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International School for Food Protection: 21st Century’s Food Industry Classroom?

Opinion

The newly opened International School for Food Protection (ISFP) was developed to provide an environment different from traditional professional adult learning experiences.

A spokesman said, “The School management team recognizes that experienced food professionals are generally well-versed in their core scientific knowledge, academic education and work experiences. We want to build on their working food industry knowledge to strengthen the critical thinking, decision making and leadership skills that are essential to be an effective food industry professional.”

The ISFP uses Bloom’s taxonomy, a multi-tiered model of classifying thinking according to six cognitive levels of complexity, as the basis for its structured learning approach.

Throughout the years, these levels have often been depicted as a stairway climbing to a higher level of thought. The basic levels are knowledge, comprehension, and application. The highest levels are analysis, synthesis, and evaluation. Bloom’s learning objectives are used to define how well a particular skill or competency is learned or mastered.

To meet the complex food safety challenges facing the food industry, the ISFP curriculum was developed to go well beyond current education and training standards. Introductory courses are designed to allow students to learn the complex interdependencies that characterize the global food supply environment.  That knowledge serves as a building block to move to more advanced levels of learning.

Successive courses introduce students to the higher order thinking skills: analysis, synthesis and evaluation. Upon completion of the courses, students should gain a mastery of critical thinking, decision-making and the essential skills necessary to be an effective leader in the globalized food protection environment.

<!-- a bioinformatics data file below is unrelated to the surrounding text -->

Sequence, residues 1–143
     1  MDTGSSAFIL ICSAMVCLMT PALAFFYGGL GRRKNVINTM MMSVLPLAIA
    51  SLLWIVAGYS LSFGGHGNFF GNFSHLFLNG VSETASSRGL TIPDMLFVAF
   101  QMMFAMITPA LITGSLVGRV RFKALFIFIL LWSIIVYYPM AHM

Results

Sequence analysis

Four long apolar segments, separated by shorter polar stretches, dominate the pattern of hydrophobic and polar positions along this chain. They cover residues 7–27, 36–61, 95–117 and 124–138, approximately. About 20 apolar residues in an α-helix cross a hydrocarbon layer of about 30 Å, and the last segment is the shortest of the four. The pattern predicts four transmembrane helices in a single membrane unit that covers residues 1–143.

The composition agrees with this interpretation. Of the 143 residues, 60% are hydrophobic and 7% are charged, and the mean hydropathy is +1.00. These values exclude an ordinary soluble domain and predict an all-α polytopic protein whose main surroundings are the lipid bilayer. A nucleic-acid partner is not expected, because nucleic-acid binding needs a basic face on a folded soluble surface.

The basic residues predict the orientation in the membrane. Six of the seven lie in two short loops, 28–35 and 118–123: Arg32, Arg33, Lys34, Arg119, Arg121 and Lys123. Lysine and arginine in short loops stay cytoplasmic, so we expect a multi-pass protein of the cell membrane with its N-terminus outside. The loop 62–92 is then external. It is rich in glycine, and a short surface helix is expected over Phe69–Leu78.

The ISFP curriculum is influenced by science and technology to reflect the changes taking place in the food industry.  It encourages people to look at old problems in new ways in order to find unique solutions. Courses teach the newest science- and risk-based methods and implementing technologies to help food enterprises increase their competitive advantage across areas including food defense, food safety, asset management and protection, bio-safety, information technology, critical infrastructure protection, business intelligence, risk management and organizational transformation.

The advancement of skill levels at the ISFP is tied to achieving higher “belts,” similar to the martial arts, starting with a White Belt based on knowledge gained working within the food industry. A Yellow Belt is attained by successfully completing two 3.5 day onsite training courses that include eLearning: one in food defense and second in food safety.

Next are the Green, Blue and Red Belts leading to the final mastery of the complete curriculum at the Black Belt level – students who have become Certified Food Protection Professionals (CFPP).

The ISFP faculty, according to a spokesman, brings experience from industry, government, the military and academia to the classroom. Their advanced degrees are supported by real world work experience. They possess the teaching skills which enable them to integrate their subject matter expertise with case studies, experiential exercises, advanced technology tools and the most current thinking and practice in food safety and food defense.

The Dean of the ISFP is Dr. Bart Michelson. He has served as a senior consultant and advisor to the Department of Defense, working with the DOD Senior Executive Leadership Program, Joint Staff, Armed Forces Inauguration Committee, J7 Joint Vision and Transformation Directorate and US Army Strategic Advanced Computing Center. He has provided similar services to other Federal Agencies including the Department of State’s Foreign Service Institute, the Office of Homeland Security, Office of Personnel Management’s Federal Executive Institute, Nuclear Regulatory Agency, National Geospatial Agency, and Department of Energy National Laboratories, as well as numerous business and non-profit organizations.

The corporate sponsor of the ISFP is FoodQuestTQ, LLC, a software technology company, located in Frederick, Maryland, established in 2010 to develop a new generation of quantitative risk management tools for the food industry. FoodQuestTQ will be offering these tools at the National Food Protection Collaboratory beginning July 10, 2012.

The National Food Protection Collaboratory (NFPC) is a web-based, world-wide community of people, businesses and organizations dedicated to the goal of keeping the world’s food supply safe and abundant.  The International School for Food Protection (ISFP) was founded to be the professional development and research component of FoodQuestTQ, LLC.

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